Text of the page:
We had a fun and interesting day today. Our team split into two groups. The group I was with went on the hike to a volcanic crater.
We took a 30 minute bus ride to the site but dropped off a few people that needed to go into town along the way. One of the gentlemen (Tsefish) we dropped off is one of two of our nurse translators. He is assisting Dr. Nate Farley and his wife Laura with our very, very busy dental practice at the hospital. Along the ride we started to ask each other about our families and of course out came the cell phones with pictures. He has a beautiful wife and young son that he is so proud of. I showed pictures of my two lovely daughters and son-in-law. But also had several pictures of my 3 dogs and 2 cats. This is where the conversation became interesting.
Putting things in perspective. Dogs do NOT live in the house and they are not given a name here. They are basically feral and are on their own to survive. So, as Tsefish scrolled through my pictures he stopped and saw a picture of my two Maltese and one Welsh Corgi laying on their backs on the couch on a blanket. He paused a bit and asked if they lived in the house and if that was a blanket they were laying on. I said ‘yes’. He just smiled and nodded. Someone of our group asked if they had names and I proudly said Monty, Marley, and Myah. Hhhmmmm…Tsefish was not so sure about all of this. As we continued to scroll through the pictures he noted that the Welsh Corgi didn’t really have legs but big ears and that the Maltese seemed furry and perhaps not quite equipped to survive in Ethiopia. We both laughed out loud as we recognized our subtle cultural differences as it relates to house pets. I’m sure he’ll tell this story a few times to his friends.
It was really stunning to see the beautiful green trees and grass on the interior sides of the crater surrounded by dry grass and dust upon the approach. As we peered over the edge we saw that it was partially filled with water. It’s an amazing natural creation from years and years ago. The volcanic rock still surrounds the surface area.
We walked about a quarter of the way around the rim and then took a hike up a steep slope so that we could descend into a cave. The cave was home to a man with two wives and six children. Literally they were living in the cave for many years and invited us to come in to sit with them. Several of us did just that and were quite fascinated by their sense of humor as translated by young student guides that we recruited from the house at Project Mercy. These young men guides were gracious and helpful as we made the trip.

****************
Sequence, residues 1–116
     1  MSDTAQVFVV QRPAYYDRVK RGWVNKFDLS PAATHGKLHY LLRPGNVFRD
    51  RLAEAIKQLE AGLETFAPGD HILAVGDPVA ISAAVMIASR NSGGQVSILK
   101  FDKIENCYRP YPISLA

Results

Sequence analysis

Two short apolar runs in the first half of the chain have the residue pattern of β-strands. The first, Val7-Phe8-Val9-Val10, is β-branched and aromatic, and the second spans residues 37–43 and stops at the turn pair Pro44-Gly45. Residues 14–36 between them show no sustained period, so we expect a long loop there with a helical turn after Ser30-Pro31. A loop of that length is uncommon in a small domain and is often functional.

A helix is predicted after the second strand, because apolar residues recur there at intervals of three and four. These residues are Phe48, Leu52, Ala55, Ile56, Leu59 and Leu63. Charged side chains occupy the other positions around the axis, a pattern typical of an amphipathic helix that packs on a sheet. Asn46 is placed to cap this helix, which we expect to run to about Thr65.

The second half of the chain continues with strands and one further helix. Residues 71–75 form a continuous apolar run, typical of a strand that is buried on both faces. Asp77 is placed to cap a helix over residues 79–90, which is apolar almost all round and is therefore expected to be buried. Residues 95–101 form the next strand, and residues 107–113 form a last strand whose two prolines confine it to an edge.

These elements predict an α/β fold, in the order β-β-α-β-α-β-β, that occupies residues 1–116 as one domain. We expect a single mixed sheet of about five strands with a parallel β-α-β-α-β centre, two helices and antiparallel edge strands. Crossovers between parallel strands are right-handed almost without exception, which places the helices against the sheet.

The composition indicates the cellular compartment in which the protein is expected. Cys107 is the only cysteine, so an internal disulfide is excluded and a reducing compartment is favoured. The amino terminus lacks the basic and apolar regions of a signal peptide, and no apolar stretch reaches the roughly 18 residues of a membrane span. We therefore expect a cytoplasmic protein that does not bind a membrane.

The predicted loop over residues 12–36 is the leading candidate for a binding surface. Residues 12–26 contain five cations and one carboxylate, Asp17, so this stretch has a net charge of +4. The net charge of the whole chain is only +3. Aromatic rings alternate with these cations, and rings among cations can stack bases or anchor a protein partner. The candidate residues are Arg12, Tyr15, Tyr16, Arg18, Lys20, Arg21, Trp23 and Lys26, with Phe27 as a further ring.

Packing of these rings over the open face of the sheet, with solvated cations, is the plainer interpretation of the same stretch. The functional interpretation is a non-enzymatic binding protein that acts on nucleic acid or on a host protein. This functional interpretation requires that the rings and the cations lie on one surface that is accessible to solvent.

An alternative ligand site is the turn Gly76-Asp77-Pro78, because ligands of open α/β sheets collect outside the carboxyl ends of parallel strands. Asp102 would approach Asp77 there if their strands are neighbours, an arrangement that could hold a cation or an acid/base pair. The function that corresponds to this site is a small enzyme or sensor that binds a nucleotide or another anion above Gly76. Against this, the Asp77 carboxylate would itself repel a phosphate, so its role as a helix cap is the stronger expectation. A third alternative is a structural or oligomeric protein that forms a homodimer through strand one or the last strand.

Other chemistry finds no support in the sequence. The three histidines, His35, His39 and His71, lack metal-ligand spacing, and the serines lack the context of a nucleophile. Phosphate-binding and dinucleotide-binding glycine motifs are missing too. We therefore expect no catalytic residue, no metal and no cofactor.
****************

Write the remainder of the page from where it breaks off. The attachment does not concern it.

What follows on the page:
There were many goats and cattle along our hike all busy carrying water and wood. They were friendly and didn’t seem particularly interested in us as we walked by. The herd care takers offered a greeting to us as we passed as we did in return. This is a friendly culture with welcoming arms to everyone. Along that line we will often hear shouts of ‘ferenge’ as our bus passes by. While not likely spelt correctly it means ‘white people’. It’s kind of a recognition that someone unique is here. This call usually gathers a fair number of children that follow us we travel. They are very curious. I think that is a good sign as we become more globally conscious. We all live on this earth together – it’s our journey to take and make it better for the next generations to come so that they might all understand each other and ultimately respect and care for one another over time.
On the way back we stopped in town (Butijera) for some fruit. The driver and I jumped out and bought pineapple, mangos, and papaya at one store and then went to another for bananas. Nice nourishment for all of us and the staff at Project Mercy tomorrow.
I always laugh when I am asked to stay just out of site while the guide or driver goes ahead to ask for prices. Once he gets a good price I show up and pay. Kind of avoids that need to bargain part of the deal due to my being a ferenge. Meanwhile while I’m waiting I just try to blend in. Ha Ha…pale pasty freckled skin and blond hair with only a handful of Amharic words in my vocabulary…high probability I’m not blending in.
We arrive back home to Project Mercy and ate lunch and then participated in a 2 hour coffee ceremony. During the ceremony you are confident that the freshly roasted coffee (you watch it being roasted) that was hand ground would be so strong that you could never drink it. However, it tastes as smooth and amazing! The tradition is that you drink 3 cups and if you sincerely compliment the brewer the ceremony ends. If you don’t feel the coffee meets expectations they will destroy the coffee brewing pot so that no bad batches can ever be made by it. They take their coffee very seriously. The ceremony is formal and considered to be a minor shock to them if you do not participate.
The other team went on a hike up the mountain – more stories to follow. Dr. Farley seems to be becoming a rock star in this area. Local people are stopping all of us obvious foreigners on walks to the hospital to see if they can possible just get a little time with the dentist. I think the Farley’s could stay for a year or two and perhaps deal with only 50% of the more critical cases that need immediate intervention. I don’t know…they might want to check their visa expiration dates just to be sure they really are leaving on the date they are expecting.
Thank you to all of you that are reading our blogs and sending your comments. We appreciate the connection to all of you. To my family and friends, I appreciate your kind comments and your interest in what we are all up to over here!! Take care and see you soon.